Nigeria Customs Service Boss,Col.Hameed Ali (RTD).

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It’S a Northern conspiracy, Southerners

By Peter Bitrus

 There is palpable apprehension over the manner by which the Nigerian government  channels seized goods in southern Nigeria that are mostly owned by southern business men and distributes them to major parts of Northern Nigeria states of Plateau,Kano,Gombe,under the guise of COVID19 palliatives.

Eagle Eye Watch findings revealed that this  trend has been on even before the emergence of  Covid 19 in Nigeria.

Our reporter gathered that in most major markets in Jos, capital of Plateau State, North-Central Nigeria there is an avallange of fairly used goods in the hands, shops of Northerners, who on investigation revealed that they were handed over to them from Lagos while others claimed they bought them from the main sources of purchased.

Speaking on this development a major importer of fairly used goods in Nigeria, Chief Boniface Okafor and Mr Taiye Olagungu both alleged that these goods were seized by the men of Nigeria Custom Service in the south because of the complicity of some Northern custom chiefs that oversees these goods they distributes them to their cronies and kinsmen in major parts of the north.

“In their words: these development is very ugly considering the fact that the Buhari led administration prides itself as one that fights corruption. We all can see  the complicity of some corrupt officers of the Nigerian Custom Service that have compromised their integrity”.

Adding that it’s a conspiracy by the north to develop their region at all cost, they stressed.

This medium reports that the NCS have received several knocks in the past for the complicity of some of their officers.

Last September on a routine checks to several car shops to identify imported cars that were not duly cleared into the country, some NCS officers of the Plateau State Command were alleged to have collected bribe from some car dealers in Bauchi and Plateau States.

When this Medium tried to get the response of the NCS,Plataeu State Command they decline our  formal request after several entreaties.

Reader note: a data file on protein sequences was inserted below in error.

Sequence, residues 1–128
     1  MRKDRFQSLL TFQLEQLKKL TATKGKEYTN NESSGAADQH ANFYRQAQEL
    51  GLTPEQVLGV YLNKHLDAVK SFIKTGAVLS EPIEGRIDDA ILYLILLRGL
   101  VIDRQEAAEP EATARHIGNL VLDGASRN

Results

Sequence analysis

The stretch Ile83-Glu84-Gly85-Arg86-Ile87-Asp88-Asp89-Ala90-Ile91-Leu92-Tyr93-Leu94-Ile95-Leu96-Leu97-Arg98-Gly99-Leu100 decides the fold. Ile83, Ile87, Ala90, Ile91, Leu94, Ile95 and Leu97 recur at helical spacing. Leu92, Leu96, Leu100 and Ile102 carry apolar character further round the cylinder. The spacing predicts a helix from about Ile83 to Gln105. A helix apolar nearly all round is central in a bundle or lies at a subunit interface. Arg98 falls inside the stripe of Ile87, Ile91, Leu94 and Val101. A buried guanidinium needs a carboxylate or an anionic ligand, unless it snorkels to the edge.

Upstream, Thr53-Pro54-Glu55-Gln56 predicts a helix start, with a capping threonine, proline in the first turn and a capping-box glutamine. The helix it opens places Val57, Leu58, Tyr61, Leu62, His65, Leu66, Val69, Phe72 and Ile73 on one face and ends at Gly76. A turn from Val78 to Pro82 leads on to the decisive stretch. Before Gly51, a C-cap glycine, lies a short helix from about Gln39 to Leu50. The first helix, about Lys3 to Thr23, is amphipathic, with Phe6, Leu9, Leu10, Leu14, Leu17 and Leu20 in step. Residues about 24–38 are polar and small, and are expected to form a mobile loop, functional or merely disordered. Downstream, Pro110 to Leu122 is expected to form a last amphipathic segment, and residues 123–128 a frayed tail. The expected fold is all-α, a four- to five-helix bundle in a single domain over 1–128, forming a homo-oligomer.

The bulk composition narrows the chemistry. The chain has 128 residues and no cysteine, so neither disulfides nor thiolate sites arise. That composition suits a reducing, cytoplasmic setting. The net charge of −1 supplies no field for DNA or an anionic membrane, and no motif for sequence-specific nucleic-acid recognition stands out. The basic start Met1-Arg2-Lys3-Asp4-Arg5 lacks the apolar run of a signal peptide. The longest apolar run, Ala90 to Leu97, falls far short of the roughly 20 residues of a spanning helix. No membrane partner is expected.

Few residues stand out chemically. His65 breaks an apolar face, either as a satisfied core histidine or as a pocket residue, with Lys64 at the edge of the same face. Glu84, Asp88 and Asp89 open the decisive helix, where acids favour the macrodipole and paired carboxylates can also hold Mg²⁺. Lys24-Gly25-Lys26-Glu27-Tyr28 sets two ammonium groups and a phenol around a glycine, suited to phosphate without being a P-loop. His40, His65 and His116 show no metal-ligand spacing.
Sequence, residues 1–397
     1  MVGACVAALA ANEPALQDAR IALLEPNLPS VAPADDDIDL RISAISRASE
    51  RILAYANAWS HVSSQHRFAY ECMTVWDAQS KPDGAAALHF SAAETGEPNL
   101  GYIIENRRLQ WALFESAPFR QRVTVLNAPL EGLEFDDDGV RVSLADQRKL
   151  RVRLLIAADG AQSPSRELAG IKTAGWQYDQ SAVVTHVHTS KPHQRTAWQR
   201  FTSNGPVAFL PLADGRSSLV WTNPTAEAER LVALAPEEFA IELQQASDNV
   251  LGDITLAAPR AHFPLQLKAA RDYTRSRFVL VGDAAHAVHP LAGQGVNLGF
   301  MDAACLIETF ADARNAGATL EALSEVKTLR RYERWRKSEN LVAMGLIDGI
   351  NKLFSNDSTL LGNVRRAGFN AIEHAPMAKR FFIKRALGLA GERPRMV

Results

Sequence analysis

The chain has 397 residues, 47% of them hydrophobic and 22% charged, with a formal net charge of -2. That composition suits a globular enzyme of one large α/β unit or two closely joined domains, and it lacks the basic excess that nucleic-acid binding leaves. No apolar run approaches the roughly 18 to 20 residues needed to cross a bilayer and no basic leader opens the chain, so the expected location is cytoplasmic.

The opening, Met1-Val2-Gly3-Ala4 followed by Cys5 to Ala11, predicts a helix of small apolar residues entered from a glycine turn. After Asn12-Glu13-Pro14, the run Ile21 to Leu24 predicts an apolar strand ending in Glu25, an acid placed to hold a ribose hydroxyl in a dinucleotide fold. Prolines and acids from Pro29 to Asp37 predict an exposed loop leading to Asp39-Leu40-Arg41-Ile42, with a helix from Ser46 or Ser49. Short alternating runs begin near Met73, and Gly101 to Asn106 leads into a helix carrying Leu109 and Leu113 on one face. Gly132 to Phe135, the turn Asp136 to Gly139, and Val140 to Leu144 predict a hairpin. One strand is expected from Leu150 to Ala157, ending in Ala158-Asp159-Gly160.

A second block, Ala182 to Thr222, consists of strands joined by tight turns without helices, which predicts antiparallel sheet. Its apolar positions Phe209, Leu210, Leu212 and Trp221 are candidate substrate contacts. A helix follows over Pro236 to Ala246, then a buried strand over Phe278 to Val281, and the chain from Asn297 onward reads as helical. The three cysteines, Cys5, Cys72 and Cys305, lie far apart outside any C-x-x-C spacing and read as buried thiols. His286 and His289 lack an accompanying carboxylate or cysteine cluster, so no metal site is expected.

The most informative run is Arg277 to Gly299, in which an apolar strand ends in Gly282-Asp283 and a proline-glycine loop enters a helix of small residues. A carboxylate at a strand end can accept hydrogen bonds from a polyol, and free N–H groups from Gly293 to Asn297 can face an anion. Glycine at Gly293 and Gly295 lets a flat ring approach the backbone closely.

It would be recalled that the Nigeria Customs Service distributed N3.2 billion worth of food items last April.

The Nigeria Customs Service (NCS) decision to distribute relief materials valued at N3.2 billion to Nigerians in a bid to cushion the negative economic effects of the lockdown in the country due to Covid-19.

The approval to distribute the materials was given by the Comptroller-General of Customs, Col. Hameed Ali (Rtd), according to a statement that was released by the NCS’ Public Relations Officer, Joseph Attah.

The items, according to Attah, included 46,000 metric tons of (158 trailers), 30 trucks of vegetable oil (25l) 36,495keg, one truck of Palm oil 3,428 kegs, and 54 trucks of tomatoes paste 136,705 cartons. Other items include Spaghetti/Noodles (2,951 cartons and 1,253 packets), one truck of wrappers (Ankara) comprised of 828 bales, and one truck of lace fabric comprised of 2,300 rolls.

Reasons for the decision: Attah explained that the outbreak of the coronavirus pandemic had elicited various reactions from Nigerians. According to him, many people advised the Service to share the seized items at its disposal to help Nigerians during this period.

Some people also insinuated that the Nigerian Customs Service had shared the seized items among themselves. However, this notion is false. And that is one of the reasons the approval was given to share the items. According to Attah, the approval was the Service’s way of contributing its quota to the Federal Government’s ongoing efforts to provide relief for Nigerians during this difficult time. He said:

“Reacting to pains associated with the effects of the lockdown in some parts of the country, some Nigerians have taken to the social media to call on Nigeria Customs Service to share seized rice and other edible items to members of the public.

“While some of these calls appear well intended, others had attempted to create the impression that Customs Officers have the liberty to use seized items as they deem fit. Some even mischievously impugned that the items may have already been shared to cronies. Nothing can be further from the truth. “It is, therefore, necessary to explain that in line with the provision of section 167(2) of CEMA CAP C45 LFN 2004, seized items upon condemnation and forfeiture to the Federal Government by a competent court of jurisdiction are kept in government warehouses pending Government directive on its disposal.”

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